Monarch Couldn't Emerge - Does NOT have OE

Monarch Couldn’t Emerge
Does NOT have OE

Black spots on chrysalis - BUT NOT OE!

Black spots on chrysalis
BUT NOT OE!

Not OE spores - Pollen from a butterfly's abdomen

Not OE spores
Pollen from a butterfly’s abdomen

With Monarch butterflies, the focus is so pinned on OE that it reminds me of a magician imitating a pick-pocket. We are so busy looking at his right hand with the flashy tricks that we don’t see his left hand picking the subject’s pockets, right there in plain view.

OE can be deadly but the problem is that we focus so much on OE and blame so much on OE that too often the real disease/culprit is getting away with killing our butterflies right in front of us and we simply can’t see it because we are looking at the wrong thing.

Crumpled wings can be caused by many factors other than OE. Butterflies are often weak and unable to fly for various reasons that have nothing to do with OE. Adults are stuck in chrysalises without having OE. Chrysalises will have black spots without it being spots from OE. If OE was the only cause, this would happen only to Monarch and Queen butterflies. Instead, this happens to all species.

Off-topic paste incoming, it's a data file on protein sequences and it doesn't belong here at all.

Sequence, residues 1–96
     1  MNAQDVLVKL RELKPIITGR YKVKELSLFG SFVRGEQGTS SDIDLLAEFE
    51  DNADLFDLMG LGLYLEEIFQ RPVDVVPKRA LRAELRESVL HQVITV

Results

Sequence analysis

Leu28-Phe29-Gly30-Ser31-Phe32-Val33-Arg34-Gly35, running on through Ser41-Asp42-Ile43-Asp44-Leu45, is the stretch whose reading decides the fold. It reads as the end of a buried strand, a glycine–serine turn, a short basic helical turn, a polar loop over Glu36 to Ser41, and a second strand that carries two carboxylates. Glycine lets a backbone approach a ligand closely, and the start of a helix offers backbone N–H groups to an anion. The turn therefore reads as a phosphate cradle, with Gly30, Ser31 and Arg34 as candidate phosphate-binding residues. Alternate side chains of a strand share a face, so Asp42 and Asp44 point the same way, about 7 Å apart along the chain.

Please join us in October to learn what else causes these issues, how to identify the causes, and how to avoid them.

We will also discuss OE and how to avoid OE. OE as well as the other issues are serious. The more we know, the more we can help our butterflies.

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Drowned Caterpillar?

Oh, what to do? A caterpillar has drowned! Could you possibly save it?

We saved this one with good ole table salt. Dead isn’t always dead!

How to Save a Drowned Monarch Butterfly Caterpillar

How to Save a Drowned Monarch Butterfly Caterpillar

Maybe you can … we’ve saved several before we learned how to add host plant cuttings to their rearing containers without also providing an opportunity to drown. Open water and caterpillars are not a good combination.

Our newest webpage explains how table salt can save the life of a drowned caterpillar. Check it out!

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Green Vomit? Writhing caterpillars?

Those horrible signs of caterpillars dying from pesticides are well known to butterfly enthusiasts. We buy plants and are assured that they are safe. They are not treated with pesticides, we are told. Maybe they are … maybe they aren’t.